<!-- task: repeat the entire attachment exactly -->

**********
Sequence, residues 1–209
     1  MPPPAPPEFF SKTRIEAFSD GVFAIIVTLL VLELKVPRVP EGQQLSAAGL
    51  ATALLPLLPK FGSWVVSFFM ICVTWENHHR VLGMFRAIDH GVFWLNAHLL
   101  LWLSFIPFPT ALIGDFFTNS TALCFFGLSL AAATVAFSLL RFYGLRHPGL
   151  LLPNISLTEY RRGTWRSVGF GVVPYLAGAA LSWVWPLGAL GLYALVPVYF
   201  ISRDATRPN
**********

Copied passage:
Sequence, residues 1–209
     1  MPPPAPPEFF SKTRIEAFSD GVFAIIVTLL VLELKVPRVP EGQQLSAAGL
    51  ATALLPLLPK FGSWVVSFFM ICVTWENHHR VLGMFRAIDH GVFWLNAHLL
   101  LWLSFIPFPT ALIGDFFTNS TALCFFGLSL AAATVAFSLL RFYGLRHPGL
   151  LLPNISLTEY RRGTWRSVGF GVVPYLAGAA LSWVWPLGAL GLYALVPVYF
   201  ISRDATRPN